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anonymous
 3 years ago
Integrate dx/sqrt(52x+x²)
anonymous
 3 years ago
Integrate dx/sqrt(52x+x²)

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anonymous
 3 years ago
Best ResponseYou've already chosen the best response.0\[\int\limits_{}^{}\frac{ 1 }{ \sqrt{5  2x + x^{2}} }\]

anonymous
 3 years ago
Best ResponseYou've already chosen the best response.0Yes, thats what I want lol.

anonymous
 3 years ago
Best ResponseYou've already chosen the best response.0Haha, Okay! I was going to be rude and just post that picture of it, but I'll actually solve it out for you, do you want any of the work shown?

anonymous
 3 years ago
Best ResponseYou've already chosen the best response.0Hahaha, yes, I can't solve that one. You knw when your brain is blocked? If you could do that one I would apreciate.

anonymous
 3 years ago
Best ResponseYou've already chosen the best response.0No problem! I love doing Calculus...such a nerd.

anonymous
 3 years ago
Best ResponseYou've already chosen the best response.0Do you know integration by parts?

anonymous
 3 years ago
Best ResponseYou've already chosen the best response.0I came up with two methods. Both started with completing the square under the radical. After that you can either do a trig. sub. (the long way), or do a u sub. resulting in an inverse hyperbolic trig function (the short way).

anonymous
 3 years ago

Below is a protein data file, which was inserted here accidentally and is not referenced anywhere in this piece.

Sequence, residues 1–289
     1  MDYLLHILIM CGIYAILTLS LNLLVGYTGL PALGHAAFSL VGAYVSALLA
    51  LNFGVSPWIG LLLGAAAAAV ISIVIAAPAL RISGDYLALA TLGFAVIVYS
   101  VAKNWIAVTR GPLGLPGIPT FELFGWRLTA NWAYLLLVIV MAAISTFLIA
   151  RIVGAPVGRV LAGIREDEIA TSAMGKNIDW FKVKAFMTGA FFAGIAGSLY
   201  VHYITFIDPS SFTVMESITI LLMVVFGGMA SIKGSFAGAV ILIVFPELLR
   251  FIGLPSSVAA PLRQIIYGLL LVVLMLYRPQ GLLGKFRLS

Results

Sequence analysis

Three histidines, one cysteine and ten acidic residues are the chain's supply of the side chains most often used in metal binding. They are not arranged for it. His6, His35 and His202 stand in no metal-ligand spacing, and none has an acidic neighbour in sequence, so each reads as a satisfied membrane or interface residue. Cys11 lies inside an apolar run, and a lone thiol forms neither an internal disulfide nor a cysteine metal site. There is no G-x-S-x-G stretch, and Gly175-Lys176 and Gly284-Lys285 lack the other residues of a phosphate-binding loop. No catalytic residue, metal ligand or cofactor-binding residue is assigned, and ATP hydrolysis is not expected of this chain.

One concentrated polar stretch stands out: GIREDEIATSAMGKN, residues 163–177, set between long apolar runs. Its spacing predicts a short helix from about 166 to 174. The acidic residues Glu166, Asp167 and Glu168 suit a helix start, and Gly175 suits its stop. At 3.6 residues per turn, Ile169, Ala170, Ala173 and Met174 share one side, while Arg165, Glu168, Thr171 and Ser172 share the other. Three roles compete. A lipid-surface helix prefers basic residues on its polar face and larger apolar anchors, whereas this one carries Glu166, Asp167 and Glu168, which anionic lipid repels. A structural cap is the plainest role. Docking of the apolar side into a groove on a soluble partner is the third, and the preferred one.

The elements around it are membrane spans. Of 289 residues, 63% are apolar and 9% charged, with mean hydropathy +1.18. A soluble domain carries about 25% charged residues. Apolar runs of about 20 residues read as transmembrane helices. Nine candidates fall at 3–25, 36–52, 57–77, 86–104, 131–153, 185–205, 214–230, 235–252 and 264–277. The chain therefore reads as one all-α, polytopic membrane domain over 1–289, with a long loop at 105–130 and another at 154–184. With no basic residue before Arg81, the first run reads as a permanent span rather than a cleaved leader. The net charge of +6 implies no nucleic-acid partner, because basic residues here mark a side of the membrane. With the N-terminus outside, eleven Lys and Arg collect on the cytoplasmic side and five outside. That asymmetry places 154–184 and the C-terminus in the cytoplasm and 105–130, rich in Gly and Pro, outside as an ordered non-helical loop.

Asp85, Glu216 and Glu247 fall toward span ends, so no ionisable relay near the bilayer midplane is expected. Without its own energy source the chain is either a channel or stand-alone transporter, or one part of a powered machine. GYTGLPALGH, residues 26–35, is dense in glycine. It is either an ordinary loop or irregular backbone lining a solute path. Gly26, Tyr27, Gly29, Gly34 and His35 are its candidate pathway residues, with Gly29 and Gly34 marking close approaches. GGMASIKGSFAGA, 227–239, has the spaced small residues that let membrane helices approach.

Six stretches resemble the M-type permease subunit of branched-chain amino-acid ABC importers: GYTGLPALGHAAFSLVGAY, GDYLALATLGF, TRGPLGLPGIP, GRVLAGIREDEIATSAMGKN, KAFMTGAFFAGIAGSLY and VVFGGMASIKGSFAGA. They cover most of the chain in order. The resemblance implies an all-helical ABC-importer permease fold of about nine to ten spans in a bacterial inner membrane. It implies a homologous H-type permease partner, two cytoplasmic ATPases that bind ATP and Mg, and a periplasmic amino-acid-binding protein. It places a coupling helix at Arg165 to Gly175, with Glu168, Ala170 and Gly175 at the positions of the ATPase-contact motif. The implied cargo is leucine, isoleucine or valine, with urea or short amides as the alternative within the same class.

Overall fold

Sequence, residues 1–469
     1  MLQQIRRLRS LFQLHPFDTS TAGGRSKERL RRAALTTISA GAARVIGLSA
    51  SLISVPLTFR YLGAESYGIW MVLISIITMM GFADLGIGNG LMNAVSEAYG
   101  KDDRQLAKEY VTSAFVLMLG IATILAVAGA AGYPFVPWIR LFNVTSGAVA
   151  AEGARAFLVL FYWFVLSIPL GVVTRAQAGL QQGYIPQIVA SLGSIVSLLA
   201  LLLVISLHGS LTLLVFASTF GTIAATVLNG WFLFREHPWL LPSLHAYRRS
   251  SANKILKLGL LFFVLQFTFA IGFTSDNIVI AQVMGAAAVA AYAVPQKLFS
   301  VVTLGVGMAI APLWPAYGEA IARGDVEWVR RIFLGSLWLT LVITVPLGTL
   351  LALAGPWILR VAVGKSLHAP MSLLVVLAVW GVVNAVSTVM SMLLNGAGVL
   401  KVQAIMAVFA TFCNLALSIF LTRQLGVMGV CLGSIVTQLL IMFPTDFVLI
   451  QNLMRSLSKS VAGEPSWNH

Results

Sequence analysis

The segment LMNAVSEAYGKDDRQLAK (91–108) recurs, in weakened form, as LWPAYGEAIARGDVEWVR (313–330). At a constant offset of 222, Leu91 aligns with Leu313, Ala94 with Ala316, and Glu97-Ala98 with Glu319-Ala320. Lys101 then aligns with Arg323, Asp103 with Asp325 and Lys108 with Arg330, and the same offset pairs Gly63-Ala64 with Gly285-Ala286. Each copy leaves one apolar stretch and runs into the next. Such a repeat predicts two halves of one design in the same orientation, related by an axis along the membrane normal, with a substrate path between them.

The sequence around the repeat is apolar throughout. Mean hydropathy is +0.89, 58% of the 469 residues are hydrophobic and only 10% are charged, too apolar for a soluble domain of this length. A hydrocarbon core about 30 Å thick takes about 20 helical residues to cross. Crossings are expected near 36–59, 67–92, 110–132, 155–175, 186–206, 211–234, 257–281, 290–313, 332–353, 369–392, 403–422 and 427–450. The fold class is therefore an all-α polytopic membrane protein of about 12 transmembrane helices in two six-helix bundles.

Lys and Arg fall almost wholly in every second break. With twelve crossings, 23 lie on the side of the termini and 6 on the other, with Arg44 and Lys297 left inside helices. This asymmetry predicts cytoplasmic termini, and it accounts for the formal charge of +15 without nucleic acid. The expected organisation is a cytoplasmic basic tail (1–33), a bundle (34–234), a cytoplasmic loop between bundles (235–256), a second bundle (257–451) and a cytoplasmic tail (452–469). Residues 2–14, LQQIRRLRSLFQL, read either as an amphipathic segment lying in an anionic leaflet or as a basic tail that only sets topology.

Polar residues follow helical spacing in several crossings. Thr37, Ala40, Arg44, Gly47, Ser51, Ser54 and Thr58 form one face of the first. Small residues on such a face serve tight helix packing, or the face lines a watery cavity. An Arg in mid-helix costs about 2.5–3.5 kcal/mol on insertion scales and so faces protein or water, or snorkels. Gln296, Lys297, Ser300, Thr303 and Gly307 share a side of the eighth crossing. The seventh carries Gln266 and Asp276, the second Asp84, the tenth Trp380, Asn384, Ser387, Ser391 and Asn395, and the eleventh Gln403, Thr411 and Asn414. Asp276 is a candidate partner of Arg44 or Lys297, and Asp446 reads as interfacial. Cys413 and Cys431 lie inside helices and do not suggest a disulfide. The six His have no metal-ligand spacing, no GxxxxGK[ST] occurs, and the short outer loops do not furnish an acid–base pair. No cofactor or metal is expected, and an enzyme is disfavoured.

Best ResponseYou've already chosen the best response.0EulerGroupie, x²2x+5=(x1)²+4, is that what you mean by completing squares? (I believe so). I can complete squares, but I'm always confused with that 4 in the sub's. Could you help me?

anonymous
 3 years ago
Best ResponseYou've already chosen the best response.0Yes, you completed the square properly.\[\int\limits_{}^{}\frac{1}{\sqrt{(x1)^{2}+4}}dx\]The first step is to recognize that we have an integral that looks like the generalized formula...\[\sinh ^{1}u+C=\int\limits_{}^{}\frac{1}{\sqrt{u ^{2}+1}}du\]Then we use algebra to get it closer to this form by factoring a 4 from the radicand and eventually taking it out of the radical as its root...\[\int\limits_{}^{}\frac{1}{\sqrt{4[\frac{(x1)^{2}}{4}+1]}}dx=\int\limits_{}^{}\frac{1}{2\sqrt{(\frac{x1}{2})^{2}+1}}dx\]Notice how the four left inside is incorporated into the squared term. Now we can use a usub where...\[u=\frac{x1}{2};du=\frac{1}{2}dx;2du=dx\]\[\int\limits_{}^{}\frac{2du}{2\sqrt{u ^{2}+1}}=\int\limits_{}^{}\frac{1}{\sqrt{u ^{2}+1}}du=\sinh ^{1}u+C\]\[=\sinh ^{1}(\frac{x1}{2})+C\]

anonymous
 3 years ago
Best ResponseYou've already chosen the best response.0dw:1355917276626:dw

anonymous
 3 years ago
Best ResponseYou've already chosen the best response.0@EulerGroupie isnt \[\int\limits_{}^{} dx/\sqrt{x ^{2}+a ^{2}}\]

anonymous
 3 years ago
Best ResponseYou've already chosen the best response.0@EulerGroupie is \[\log_{}x+\sqrt{x ^{2}+a ^{2}} ?\]

anonymous
 3 years ago
Best ResponseYou've already chosen the best response.0\[\ln(x+\sqrt{x ^{2}+1})=\sinh ^{1}(x)\]I came across the log solution as well, but when I tried to double check my answer with Wolfram, it wasn't there. It offered up the inverse hyperbolic sine solution so I reviewed that section in my Calc text and sure enough, they are equivalent. I thought the the sinh seemed more elegant (and verifiable through Wolfram), so I went with it.

anonymous
 3 years ago
Best ResponseYou've already chosen the best response.0@EulerGroupie when the lesson on integration was taken on my class,we studied only that equation...thats why...there must be many answers to one question in integration...we both are correct i think..
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